Hiking the southwest coast of England

by J. Norvill Jones, Alexandria, VA

England is a land of walkers and paths to accommodate them. And none surpasses the splendor of England’s longest footpath, the 630-mile South West Coast Path, which runs from Minehead on the Atlantic around Land’s End to Poole in the English Channel. In May ’05, I had the pleasure of hiking 120 miles of this path.

South West Coast Path

 Godrevy Point with Godrevy Lighthouse in the background.

More than a decade ago, an English friend, knowing of my interest in hiking, gave me a book about the South West Coast Path. Years later, looking for an outdoor activity for spring, I decided to follow my friend’s recommendation.

I contacted the South West Coast Path Association in England, the primary source for information on the path, and obtained their excellent guidebook. With that, I laid out an itinerary that would take me down the Atlantic coast through North Devon and Cornwall and around Land’s End, ending at Penzance (of Gilbert and Sullivan fame).

Each segment of the path is officially graded for difficulty, from “easy” to “severe.” My plan to cover about 15 miles a day proved to be a bit too ambitious, as the area I chose to hike turned out to be one of the toughest on the entire path. I averaged only 10 miles a day, but short hops on local buses permitted me to make up the 50 or so miles missing from my original plan and got me to Penzance on schedule.

Starting out

To reach my starting point, two trains and a bus ride got me from Heathrow Airport in London to the seaside village of Westward Ho!, where I began my hike, or “walk” as the English would say. Westward Ho!, a Devon town as undistinguished as the 19th-century novel for which it was named, is said to be the only town in England which ends with an exclamation mark.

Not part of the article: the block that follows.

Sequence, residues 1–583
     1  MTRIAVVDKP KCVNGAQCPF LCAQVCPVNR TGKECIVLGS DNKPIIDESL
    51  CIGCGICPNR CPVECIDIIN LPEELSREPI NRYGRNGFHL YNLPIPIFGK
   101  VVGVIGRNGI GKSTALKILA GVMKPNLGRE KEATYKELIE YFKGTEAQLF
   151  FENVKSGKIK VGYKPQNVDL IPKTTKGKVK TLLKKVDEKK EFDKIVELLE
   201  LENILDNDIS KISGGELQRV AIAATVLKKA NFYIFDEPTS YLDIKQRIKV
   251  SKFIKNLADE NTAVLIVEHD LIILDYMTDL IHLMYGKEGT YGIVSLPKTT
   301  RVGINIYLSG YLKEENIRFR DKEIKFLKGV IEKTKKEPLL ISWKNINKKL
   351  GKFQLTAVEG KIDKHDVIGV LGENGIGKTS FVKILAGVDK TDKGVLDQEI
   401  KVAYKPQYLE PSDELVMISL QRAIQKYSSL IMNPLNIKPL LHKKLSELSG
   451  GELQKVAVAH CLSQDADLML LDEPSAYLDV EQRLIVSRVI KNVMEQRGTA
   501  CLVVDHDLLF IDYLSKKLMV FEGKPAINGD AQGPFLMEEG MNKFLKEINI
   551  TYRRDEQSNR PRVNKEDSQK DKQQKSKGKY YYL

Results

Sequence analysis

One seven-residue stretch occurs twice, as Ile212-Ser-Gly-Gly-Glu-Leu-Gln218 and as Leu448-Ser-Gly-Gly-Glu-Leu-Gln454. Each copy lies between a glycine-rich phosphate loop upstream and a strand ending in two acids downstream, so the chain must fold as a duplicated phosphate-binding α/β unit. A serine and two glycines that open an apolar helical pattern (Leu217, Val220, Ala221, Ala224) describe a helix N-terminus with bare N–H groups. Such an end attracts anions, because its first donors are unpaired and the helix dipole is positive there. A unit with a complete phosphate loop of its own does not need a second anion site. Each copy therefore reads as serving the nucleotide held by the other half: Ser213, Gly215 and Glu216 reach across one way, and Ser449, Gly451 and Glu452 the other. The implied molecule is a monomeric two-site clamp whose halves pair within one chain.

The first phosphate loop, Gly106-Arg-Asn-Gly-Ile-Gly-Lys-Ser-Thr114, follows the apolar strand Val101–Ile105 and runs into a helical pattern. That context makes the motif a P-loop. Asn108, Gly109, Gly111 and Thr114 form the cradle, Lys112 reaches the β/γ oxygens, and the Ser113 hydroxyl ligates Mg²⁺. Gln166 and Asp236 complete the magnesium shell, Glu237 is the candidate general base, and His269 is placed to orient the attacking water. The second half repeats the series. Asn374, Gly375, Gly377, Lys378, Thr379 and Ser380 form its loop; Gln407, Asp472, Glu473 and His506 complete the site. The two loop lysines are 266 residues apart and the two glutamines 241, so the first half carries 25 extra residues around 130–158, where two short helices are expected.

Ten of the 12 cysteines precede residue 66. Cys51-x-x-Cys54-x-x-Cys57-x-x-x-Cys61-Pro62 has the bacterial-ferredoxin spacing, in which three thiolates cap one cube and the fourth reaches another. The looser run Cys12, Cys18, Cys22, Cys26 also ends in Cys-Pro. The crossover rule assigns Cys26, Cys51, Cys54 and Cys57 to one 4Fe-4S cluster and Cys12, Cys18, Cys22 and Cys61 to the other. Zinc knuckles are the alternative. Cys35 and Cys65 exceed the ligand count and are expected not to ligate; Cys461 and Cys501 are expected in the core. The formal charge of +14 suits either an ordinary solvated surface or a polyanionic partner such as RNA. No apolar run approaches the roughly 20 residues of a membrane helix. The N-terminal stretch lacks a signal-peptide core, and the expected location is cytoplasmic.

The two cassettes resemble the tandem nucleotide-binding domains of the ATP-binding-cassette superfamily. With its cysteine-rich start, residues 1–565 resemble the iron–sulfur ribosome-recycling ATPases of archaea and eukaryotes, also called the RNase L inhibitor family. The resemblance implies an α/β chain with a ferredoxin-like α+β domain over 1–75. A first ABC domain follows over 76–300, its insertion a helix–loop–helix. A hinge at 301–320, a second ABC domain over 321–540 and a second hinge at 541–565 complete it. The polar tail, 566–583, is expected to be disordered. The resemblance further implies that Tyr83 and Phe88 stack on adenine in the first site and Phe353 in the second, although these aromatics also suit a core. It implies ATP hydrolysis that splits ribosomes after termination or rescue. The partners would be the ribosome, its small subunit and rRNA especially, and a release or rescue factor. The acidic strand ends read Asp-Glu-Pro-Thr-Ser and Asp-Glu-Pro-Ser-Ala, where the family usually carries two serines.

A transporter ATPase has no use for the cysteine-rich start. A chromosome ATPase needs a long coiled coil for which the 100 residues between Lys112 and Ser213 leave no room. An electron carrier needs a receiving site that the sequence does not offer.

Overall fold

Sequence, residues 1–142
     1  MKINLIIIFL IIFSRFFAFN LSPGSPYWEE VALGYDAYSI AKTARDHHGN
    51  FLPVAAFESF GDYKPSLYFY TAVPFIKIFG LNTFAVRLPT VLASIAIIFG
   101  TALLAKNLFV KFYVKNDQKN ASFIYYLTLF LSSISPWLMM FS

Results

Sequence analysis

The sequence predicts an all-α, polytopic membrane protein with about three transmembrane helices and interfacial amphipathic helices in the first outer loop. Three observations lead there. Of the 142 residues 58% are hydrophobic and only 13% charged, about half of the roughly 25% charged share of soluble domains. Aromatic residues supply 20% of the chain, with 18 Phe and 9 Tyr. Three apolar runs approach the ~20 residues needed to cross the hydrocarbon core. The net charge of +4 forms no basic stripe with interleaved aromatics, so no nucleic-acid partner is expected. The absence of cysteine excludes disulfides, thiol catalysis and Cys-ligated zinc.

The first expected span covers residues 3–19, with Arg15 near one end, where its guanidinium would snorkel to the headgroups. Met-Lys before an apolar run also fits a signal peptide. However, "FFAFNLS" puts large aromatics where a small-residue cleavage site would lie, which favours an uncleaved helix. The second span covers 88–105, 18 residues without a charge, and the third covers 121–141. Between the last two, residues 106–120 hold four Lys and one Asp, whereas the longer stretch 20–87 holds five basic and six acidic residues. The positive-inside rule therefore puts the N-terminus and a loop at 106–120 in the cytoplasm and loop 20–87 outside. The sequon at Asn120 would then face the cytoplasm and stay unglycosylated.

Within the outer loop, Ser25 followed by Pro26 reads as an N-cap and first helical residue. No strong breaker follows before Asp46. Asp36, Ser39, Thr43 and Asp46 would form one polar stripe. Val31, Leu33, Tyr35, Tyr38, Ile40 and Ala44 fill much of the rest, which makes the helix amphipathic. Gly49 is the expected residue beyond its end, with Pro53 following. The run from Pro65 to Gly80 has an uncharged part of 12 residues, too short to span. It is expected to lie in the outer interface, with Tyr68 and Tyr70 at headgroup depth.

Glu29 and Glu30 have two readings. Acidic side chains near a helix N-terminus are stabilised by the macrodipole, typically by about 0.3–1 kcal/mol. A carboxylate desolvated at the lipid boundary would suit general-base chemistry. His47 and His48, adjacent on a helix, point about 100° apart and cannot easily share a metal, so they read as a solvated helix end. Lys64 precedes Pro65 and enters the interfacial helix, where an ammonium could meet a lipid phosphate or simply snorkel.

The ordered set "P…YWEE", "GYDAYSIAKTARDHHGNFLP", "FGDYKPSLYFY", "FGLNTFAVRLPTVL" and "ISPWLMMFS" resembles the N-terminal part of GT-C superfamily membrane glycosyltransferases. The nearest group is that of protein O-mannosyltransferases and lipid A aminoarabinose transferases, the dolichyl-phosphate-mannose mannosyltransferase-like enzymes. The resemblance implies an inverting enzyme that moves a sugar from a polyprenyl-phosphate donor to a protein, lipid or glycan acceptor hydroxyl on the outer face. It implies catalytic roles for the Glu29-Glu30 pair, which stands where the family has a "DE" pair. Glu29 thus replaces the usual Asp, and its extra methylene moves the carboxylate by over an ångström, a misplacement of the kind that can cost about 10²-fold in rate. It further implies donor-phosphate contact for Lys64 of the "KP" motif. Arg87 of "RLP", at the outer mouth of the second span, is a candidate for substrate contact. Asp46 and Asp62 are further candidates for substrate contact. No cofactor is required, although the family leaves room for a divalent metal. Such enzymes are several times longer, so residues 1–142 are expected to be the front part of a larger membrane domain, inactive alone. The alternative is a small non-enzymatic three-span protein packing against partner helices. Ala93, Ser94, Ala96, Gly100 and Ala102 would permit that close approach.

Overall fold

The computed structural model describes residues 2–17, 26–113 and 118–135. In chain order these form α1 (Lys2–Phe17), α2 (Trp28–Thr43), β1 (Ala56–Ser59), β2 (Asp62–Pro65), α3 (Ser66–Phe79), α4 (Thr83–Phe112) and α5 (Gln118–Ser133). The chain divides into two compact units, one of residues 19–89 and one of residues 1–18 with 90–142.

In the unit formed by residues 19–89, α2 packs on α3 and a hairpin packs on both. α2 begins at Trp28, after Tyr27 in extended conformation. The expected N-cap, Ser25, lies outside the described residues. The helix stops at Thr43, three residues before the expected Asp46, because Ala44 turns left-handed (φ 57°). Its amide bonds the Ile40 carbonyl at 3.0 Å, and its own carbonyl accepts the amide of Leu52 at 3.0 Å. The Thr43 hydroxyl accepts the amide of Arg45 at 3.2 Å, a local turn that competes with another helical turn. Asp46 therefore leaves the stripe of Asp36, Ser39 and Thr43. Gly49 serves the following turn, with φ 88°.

After a night’s rest, my journey began somewhat inauspiciously when, while leaving my B&B the next morning, I fell flat on my backpack on a slippery slate walk. Notwithstanding intermittent showers, which became a routine occurrence, my day got better.

In a small copse I found a dead sapling which, with some surgery, made a fine walking stick. It proved to be an essential companion in navigating the steep ups and downs that marked the coastal path. Over time, I came to think of it fondly as my partner, calling it Tonto after the Lone Ranger’s sidekick.

The terrain

Spectacular scenery, thick layers of history, friendly people, plenty of spots for food and lodging, and convenient bus and taxi service combine to make the South West Coast Path a hiker’s ideal. Vestiges of history, from prehistoric to modern, lie throughout the region, ranging from ruins of Celtic villages to the more recent past in the form of abandoned tin and copper mines.

Tourists posing by a signpost at Land’s End.

Essentially, the southwest coast of England consists of a combination of broad tidal estuaries and high cliffs, indented by streams which, over eons, have carved narrow, steep sloped valleys usually ending in sandy coves.

The coast is beautiful in any season but is at its finest in springtime. In May, yellow gorse, daisies, foxglove, bluebells, thrift and a multitude of other wildflowers are rampant.

On the cliff tops, the path skirts carefully husbanded farms dotted with curious sheep and cattle in pastures separated by drywall flagstone hedges in herringbone patterns. Stiles and “kissing gates” allow one to cross hedgerows and the occasional fence.

It is a heady experience to hike along only yards from a cliff face that plummets hundreds of feet to a pounding surf, but one must pay a price for the pleasures of cliff-top walking. The steep descents into and ascents out of the many valleys make for tough hiking, yet anticipating what lies at the top is a special treat of coastal hiking. Once the top is reached, each view is a revelation and always worth the climb.


There were surprisingly few distance hikers on the path, though this was the finest time of the year to be there. Near towns, I would encounter local hikers out for short walks, but on an average day I seldom met more than two or three others on long walks. I never saw another American doing a distance hike.